Yikes.  My perspective is that you should learn how not to fall.  You're talking about leading moderate trad,  stuff that is slabbly and/or ledgey, where you are much more likely to get hurt if you fall.  And we all know that we're more brittle now and recover more slowly, right?  Not to mention the fact that trad gear is not always bombproof, isn't always predictable, and you will be a novice at placing it.  

Remember "the leader must not fall" refrain from BITD that it is ever-so-fashionable to scoff at now?  That's you, Lori---the leader must not fall. Taking "safe" ten-foot whippers in an overhanging gym or sport venue just desensitizes you to the danger of trad environments and encourages dysfunctional strategies---and you still could break an ankle if you get a hard catch.  So first learn to climb in control, learn to get out of trouble by climbing down and/or improvising direct aid,  and when you've mastered that, if you want to push your leading limits to the falling threshold, take some practice whippers if that's what's holding you back.

As an aside, I'm a bit surprised to hear about "experienced guides" who will "teach you how to fall."  I'm gonna ask my guide friends whether this is something they do.

Rich? I'm gonna pick on you, just a bit... 

In your long career, have you never fallen? All of what you said is true...yet. Falls do happen. And no, there is no guarantee you will not fall, and, it may be when you least expect it.

So we mitigate against that. Including a rope and a belayer in our safety system.

And there's the problem. Rich, you practiced catching ​falls, in a structured and comprehensive way that no longer exists for most climbers. To be a good belayer, you need to have caught people. To learn that, it helps to take some falls yourself.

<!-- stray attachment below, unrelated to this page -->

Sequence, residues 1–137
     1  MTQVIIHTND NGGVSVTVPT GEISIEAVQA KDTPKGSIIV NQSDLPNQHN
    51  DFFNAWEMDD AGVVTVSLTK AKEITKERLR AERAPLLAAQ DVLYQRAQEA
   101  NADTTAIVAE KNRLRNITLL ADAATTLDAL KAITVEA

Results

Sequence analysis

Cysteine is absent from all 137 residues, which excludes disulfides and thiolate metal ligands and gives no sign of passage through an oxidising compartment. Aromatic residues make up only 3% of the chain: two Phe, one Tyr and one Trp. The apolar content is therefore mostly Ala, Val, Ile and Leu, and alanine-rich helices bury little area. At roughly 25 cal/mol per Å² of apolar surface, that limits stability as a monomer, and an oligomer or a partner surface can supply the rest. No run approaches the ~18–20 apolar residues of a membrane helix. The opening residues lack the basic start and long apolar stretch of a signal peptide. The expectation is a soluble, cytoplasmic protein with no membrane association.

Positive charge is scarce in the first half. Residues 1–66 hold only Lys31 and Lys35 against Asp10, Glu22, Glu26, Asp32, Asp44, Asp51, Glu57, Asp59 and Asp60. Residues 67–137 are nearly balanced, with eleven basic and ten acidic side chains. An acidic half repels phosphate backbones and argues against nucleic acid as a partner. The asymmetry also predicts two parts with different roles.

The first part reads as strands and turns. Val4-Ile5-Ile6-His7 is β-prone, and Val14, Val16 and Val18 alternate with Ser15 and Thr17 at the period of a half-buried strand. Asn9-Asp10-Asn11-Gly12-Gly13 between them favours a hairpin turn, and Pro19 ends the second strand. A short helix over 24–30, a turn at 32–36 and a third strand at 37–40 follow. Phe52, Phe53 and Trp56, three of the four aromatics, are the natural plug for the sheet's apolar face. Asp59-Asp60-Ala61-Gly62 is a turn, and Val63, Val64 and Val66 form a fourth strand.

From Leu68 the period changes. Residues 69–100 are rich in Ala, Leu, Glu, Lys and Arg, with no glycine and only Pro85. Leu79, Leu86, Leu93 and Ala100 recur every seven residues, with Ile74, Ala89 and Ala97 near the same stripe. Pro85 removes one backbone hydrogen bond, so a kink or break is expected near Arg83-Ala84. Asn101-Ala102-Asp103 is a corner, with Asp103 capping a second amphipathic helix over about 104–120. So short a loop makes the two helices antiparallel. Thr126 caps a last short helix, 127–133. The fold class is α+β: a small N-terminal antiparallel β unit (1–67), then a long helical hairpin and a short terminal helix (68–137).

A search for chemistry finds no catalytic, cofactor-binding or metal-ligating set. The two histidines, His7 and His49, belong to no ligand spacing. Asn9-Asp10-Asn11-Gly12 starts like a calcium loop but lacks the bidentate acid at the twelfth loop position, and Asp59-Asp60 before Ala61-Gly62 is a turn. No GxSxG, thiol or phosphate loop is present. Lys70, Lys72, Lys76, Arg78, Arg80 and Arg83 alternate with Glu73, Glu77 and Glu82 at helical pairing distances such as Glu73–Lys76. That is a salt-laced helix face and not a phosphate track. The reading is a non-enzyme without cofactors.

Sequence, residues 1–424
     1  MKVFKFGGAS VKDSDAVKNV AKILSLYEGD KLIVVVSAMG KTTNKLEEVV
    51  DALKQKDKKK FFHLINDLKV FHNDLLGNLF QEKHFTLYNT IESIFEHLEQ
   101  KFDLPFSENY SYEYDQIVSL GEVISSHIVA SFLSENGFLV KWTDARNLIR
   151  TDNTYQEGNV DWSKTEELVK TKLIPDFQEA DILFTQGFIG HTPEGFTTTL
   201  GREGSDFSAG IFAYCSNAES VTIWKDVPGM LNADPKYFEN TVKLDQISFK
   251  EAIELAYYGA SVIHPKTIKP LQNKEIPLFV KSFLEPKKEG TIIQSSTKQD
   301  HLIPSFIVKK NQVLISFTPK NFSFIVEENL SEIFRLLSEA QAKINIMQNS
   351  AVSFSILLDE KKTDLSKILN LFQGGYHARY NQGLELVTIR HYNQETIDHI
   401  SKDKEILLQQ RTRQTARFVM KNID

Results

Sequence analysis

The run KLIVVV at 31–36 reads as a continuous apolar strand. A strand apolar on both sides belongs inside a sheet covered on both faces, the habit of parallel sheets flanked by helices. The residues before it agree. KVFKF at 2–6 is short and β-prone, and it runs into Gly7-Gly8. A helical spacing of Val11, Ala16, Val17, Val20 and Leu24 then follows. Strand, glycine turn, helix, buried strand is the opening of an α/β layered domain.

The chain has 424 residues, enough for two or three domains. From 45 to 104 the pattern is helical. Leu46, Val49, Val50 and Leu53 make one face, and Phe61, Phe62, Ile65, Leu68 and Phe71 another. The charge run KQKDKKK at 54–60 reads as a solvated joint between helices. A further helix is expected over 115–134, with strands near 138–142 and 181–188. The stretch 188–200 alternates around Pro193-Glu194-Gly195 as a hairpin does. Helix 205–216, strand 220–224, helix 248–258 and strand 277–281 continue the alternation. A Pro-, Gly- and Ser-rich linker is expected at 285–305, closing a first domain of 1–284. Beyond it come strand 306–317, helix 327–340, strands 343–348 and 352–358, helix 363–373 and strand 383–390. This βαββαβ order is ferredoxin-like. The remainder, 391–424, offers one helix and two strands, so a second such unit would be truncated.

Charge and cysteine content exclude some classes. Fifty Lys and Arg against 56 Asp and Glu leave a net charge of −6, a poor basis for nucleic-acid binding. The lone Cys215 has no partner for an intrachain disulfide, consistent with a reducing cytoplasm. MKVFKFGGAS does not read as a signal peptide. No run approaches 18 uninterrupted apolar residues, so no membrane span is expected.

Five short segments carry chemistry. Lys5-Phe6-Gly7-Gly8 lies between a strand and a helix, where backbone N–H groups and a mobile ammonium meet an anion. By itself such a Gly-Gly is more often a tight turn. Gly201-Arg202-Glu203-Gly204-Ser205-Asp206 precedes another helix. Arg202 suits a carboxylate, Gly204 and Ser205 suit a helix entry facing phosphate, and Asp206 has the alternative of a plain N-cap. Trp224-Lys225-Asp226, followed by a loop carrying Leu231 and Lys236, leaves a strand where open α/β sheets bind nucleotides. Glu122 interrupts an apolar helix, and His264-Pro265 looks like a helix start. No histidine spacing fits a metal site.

And that's the other problem in this discussion. Lori is talking gear leading (I believe) without ever doing any sport climbing, inside or out. Yes, you can do that, certainly, but it means being a follower ​and that has some real peril also. If you have never fallen, even on top rope in a gym, do you truly "get" how a pendulum can bite you? Wanna find out, outside???

In this day, doing mock leading, clipping rope to draws in the gym, is a fairly safe way to start learning to pay attention to the rope. Leading in a gym, and belaying a leader in the gym, falls included, ​teaches the sort of things that she should know, even if she only wants to lead gear outside.

Or, go somewhere they have drop towers. Rich, almost all of us, have live bodies on the other end, not weights. It's how most learn. Best to do that in as controlled a situation as you can manage, perhaps?

Best, Helen
Tim Schafstall · · Unknown Hometown · Joined Nov 2007 · Points: 1,321
Roy Suggett wrote: Sorry folks, I believe I have this right.  At the point a beginner "bails" you want them to:
1)  Not grab the rope
2)  Try and spring off
3)  Keep hands and feet spread
4)  Make sure rope is not around a body part
5)  Get use to the idea of the "system done well works"
6)  These are common mistakes by newbies.

2) Is situational.  For example, this is a bad thing to do on overhanging sport climbs (and probably trad also).  It will propel you outward from the rock so that you will then pendulum back into the rock with force, especially if you do not get a soft catch.

Old lady H · · Boise, ID · Joined Aug 2015 · Points: 873
dragons wrote: Well you did far better than the beached whale move in that video, anyway. I've done the full-body beached whale move, so I know.

Do your knees bother you (painful or stiff) the next day after doing these kinds of moves? It seems very encouraging that climbing has improved your range of motion. I had the impression that arthritis is irreversible, but it seems clear that you are gaining ground on it. Nice!